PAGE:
US President Barack Obama shakes hands with Republican presidential candidate Mitt Romney on October 22, 2012 at the start of the third presidential debate. (SAUL LOEB/AFP/GETTY IMAGES)

The president is having Mitt Romney over for lunch today. What will transpire over clinking china and awkward silences is anyone’s guess. Will there be anything more than exchanged pleasantries? The start of discussions about a job for Romney in an Obama administration? Some kind of real friendship between the two rivals?

I doubt there’s much chance of the last two. Obama and Romney had a clear dislike for each other on the campaign trail, and, whatever tradition may state, there’s little evidence many presidential rivals go on to be friends. That’s especially the case when the loser is not a defeated incumbent. When both men have been president, as in the case of Jimmy Carter and Gerald Ford who went on to become lifelong friends, their egos start with more equal footing, however bitter the fight may have been.

Still, despite the brutal campaign and the remote relationship the two appear to have, Romney does have something to offer the president, even if it is simply ideas for the country rather than an actual role in the administration. He is noted for his “legendary appetite” for data, his turnaround skills and his standing in the business community. As a result, wasting the lunch by making it little more than a photo opp is not the answer, either. As the elected leader, it is Obama’s obligation to put substance on the menu.

First, as the host, he should try to defuse the setting as much as he can. When Romney walks through the White House’s historic halls and sits across from the president in his dining room, it will be hard for him not to fixate on what might have been. I can’t help but wonder if they should have met a more neutral setting—a private club, perhaps, or the home of a nonpartisan friend of both men—that would have put Romney more at ease, though the logistics would have been tremendous. Since the lunch will be in the private dining room of the White House, keeping it as informal as possible would help. Too bad they can’t start off with a beer.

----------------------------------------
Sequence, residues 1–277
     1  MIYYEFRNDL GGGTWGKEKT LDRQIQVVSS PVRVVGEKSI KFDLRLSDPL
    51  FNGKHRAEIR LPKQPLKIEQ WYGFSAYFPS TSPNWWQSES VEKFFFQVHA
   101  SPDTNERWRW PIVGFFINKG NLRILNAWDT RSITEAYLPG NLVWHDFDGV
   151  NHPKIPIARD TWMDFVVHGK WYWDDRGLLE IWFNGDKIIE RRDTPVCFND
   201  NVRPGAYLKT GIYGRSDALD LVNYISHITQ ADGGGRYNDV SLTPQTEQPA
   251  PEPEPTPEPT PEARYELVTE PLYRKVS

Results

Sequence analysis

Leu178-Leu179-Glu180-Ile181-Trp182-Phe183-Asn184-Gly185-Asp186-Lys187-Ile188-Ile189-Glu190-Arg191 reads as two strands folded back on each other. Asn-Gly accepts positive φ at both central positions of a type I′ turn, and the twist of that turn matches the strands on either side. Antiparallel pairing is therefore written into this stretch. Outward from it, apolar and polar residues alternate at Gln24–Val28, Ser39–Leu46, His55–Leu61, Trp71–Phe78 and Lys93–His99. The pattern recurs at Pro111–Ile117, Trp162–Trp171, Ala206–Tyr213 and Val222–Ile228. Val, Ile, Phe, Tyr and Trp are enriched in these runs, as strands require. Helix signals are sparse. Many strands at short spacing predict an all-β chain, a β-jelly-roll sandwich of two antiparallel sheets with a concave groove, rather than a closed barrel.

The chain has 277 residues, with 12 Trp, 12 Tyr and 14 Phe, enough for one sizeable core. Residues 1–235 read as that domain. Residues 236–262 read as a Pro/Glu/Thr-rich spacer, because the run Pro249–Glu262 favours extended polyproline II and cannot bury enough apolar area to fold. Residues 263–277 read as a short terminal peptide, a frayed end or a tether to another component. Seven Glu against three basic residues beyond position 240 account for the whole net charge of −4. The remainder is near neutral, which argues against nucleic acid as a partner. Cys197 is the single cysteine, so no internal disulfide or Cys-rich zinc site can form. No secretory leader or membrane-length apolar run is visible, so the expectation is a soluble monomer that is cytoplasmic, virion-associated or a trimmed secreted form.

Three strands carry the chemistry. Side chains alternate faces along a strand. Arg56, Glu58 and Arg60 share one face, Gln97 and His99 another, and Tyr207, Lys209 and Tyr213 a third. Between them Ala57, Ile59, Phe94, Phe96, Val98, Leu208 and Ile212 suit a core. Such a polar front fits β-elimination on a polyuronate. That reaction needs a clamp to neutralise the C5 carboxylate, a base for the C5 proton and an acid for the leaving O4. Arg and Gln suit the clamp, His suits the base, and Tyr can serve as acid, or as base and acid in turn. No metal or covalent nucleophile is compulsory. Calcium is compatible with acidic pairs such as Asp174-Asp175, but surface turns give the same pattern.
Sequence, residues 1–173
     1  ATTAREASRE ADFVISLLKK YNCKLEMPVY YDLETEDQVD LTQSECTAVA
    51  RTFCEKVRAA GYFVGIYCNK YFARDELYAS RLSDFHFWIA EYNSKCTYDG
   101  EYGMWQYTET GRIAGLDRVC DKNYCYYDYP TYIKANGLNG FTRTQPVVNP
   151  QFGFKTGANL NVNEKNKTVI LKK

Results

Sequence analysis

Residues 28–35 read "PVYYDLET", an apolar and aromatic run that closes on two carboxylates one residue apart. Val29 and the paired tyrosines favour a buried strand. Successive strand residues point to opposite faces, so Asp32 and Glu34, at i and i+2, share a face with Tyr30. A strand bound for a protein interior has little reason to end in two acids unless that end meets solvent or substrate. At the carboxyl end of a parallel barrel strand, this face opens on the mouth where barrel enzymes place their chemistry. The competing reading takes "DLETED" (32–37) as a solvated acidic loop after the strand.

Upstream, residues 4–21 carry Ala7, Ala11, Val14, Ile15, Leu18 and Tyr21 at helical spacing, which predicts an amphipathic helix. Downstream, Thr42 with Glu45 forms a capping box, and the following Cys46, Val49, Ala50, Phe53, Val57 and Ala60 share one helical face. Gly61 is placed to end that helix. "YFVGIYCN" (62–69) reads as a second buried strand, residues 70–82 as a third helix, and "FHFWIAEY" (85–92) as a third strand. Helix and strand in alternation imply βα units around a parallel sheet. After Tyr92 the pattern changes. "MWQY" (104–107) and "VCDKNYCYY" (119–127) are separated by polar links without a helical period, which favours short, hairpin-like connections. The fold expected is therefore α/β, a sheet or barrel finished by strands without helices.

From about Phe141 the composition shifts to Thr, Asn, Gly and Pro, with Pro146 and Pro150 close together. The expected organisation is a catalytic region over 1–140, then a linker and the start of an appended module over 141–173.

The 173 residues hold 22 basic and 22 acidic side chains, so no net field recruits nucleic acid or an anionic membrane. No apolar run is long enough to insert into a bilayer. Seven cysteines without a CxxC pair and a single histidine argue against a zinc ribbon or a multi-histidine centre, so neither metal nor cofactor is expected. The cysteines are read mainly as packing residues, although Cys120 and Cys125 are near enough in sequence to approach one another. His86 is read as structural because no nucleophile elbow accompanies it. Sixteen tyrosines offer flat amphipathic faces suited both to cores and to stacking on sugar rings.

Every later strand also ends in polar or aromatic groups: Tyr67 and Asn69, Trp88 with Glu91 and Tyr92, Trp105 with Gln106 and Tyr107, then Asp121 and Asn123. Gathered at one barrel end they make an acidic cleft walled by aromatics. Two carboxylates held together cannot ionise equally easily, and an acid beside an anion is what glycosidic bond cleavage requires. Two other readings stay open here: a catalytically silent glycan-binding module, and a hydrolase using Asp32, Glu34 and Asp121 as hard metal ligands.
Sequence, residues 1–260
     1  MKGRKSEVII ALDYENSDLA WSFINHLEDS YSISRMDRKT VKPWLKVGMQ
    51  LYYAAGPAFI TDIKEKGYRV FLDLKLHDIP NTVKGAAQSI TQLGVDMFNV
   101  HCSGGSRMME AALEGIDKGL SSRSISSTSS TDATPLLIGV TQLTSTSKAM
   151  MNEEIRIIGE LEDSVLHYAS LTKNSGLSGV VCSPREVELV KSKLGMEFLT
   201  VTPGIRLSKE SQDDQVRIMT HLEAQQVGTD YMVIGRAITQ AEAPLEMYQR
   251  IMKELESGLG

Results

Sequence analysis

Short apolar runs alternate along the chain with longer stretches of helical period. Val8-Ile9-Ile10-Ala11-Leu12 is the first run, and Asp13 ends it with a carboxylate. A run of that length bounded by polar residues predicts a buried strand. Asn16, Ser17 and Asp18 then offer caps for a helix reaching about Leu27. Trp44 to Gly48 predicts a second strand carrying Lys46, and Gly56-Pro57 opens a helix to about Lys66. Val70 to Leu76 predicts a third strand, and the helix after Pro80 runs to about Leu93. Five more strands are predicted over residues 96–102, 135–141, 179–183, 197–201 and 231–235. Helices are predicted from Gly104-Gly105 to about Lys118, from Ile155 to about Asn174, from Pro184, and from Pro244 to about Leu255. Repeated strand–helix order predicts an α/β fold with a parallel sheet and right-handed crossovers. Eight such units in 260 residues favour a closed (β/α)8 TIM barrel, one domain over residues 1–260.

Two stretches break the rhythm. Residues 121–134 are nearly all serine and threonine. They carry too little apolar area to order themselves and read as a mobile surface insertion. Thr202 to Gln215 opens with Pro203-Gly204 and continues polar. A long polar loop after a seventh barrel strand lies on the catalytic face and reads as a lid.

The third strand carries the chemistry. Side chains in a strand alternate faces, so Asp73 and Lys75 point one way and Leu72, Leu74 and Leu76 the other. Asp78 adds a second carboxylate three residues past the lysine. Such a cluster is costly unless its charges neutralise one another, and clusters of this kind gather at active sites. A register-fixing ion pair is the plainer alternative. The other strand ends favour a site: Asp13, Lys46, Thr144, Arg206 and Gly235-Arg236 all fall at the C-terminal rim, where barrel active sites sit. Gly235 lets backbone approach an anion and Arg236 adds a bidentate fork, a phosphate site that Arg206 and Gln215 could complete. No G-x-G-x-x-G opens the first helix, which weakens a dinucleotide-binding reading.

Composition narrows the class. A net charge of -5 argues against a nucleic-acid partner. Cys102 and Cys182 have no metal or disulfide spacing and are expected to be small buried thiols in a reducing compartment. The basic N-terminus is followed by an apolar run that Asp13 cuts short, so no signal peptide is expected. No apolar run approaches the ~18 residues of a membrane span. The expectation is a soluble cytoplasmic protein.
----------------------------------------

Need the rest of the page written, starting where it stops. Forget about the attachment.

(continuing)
Next, he should focus the discussion on ideas rather than roles, future jobs or the past campaign. The president has said Romney “presented some ideas during the course of the campaign that I actually agree with,” and that “there are a lot of ideas that I don’t think are partisan ideas but are just smart ideas about how can we make the federal government more customer-friendly.” If indeed there is a job for Romney to do in an Obama administration—which, again, seems unlikely—it’s not the time to start talking about it quite yet. Instead, the president should first try to improve the relationship by finding common ground and talking up some of Romney’s ideas. There are few better ways to build relationships than by offering sincere praise.

Finally, the president should seek Romney’s advice. This may seem contradictory, given Romney appears to be persona non grata to Republicans already and has become the stuff of jokes by some former supporters. But again, there are few better ways for leaders to bridge their divide with former opponents than by soliciting their thoughts. It shows humility, appreciation and respect. What does Romney think will help negotiations in the fiscal cliff? What does he think is the single worst contributor to partisanship in Washington? Were there any advisers he met on the trail who might be willing to work in a bipartisan fashion?

Romney may stand the most to gain from today’s lunch at the White House. His last public impression, some have noted, was the bitter-sounding leak about “gifts.” But as the president, it is Obama’s job as a leader to try to gain something from the meeting, too.

Jena McGregor is a columnist for the Washington Post’s On Leadership section.

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